SCO shares glimpses of alleged IBM Unix misdeeds

A Utah judge dealt the SCO Group a significant blow in June by throwing out more than 180 of the company's specific allegations of IBM programmers moving proprietary Unix code to Linux, or otherwise misbehaving. When SCO fired back last week with a filing that seeks to reverse that decision, it salted its justification with a few instances of IBM actions that SCO believes show its case.

The instances were taken from material Magistrate Judge Brooke Wells threw out of the case. SCO's claims are sometimes redacted so that crucial quotations aren't visible to those without access to the sealed court records, but SCO attorneys give their versions of events.

In one case regarding software "semaphores" that control when computing resource availability through a locking mechanism, "IBM developer Tim Wright expressly told non-IBM Linux developers about locking techniques "that are not currently used in Linux," then stated that "the classic coding style in Dynix/ptx is..." followed by specific source code.

Two other cases concern "methods IBM developer Rick Lindsay contributed to improving Linux in the technology area of locking after he had been exposed to Dynix/ptx locking techniques." Another refers to an e-mail exchange in which IBM programmers Martin Bligh and James Cleverdon "describe a 'bug fix' Bligh made to Linux and how it was based on the method from Dynix/ptx."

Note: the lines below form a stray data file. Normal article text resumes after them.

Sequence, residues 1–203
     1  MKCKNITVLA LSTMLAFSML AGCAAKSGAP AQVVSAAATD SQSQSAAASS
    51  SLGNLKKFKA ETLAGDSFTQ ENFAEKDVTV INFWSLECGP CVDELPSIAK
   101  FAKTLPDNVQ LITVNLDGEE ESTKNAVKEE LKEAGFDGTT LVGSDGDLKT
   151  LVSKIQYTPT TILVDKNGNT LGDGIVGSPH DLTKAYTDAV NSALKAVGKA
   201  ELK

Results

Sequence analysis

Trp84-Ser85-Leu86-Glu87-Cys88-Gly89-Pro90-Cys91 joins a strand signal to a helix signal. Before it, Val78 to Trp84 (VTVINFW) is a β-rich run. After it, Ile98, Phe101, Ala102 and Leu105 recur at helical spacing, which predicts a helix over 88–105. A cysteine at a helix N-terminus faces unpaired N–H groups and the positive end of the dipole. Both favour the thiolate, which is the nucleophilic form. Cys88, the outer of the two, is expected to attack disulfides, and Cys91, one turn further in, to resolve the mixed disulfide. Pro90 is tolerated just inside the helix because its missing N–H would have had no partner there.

Also in the filing, SCO accuses IBM of intentionally destroying evidence. "Weeks after SCO filed its lawsuit, IBM directed 'dozens' of its Linux developers within its LTC (Linux Technology Center) and at least ten of its Linux developers outside the LOC to delete the AIX and/or Dynix source code from their computers. One IBM Linux developer has admitted to destroying Dynix source code and tests, as well as pre-March 2003 drafts of source code he had written for Linux while referring to Dynix code on his computer," SCO said in the filing.

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About the author

Stephen Shankland has been a reporter at CNET since 1998 and covers browsers, Web development, digital photography and new technology. In the past he has been CNET's beat reporter for Google, Yahoo, Linux, open-source software, servers and supercomputers. He has a soft spot in his heart for standards groups and I/O interfaces.

 

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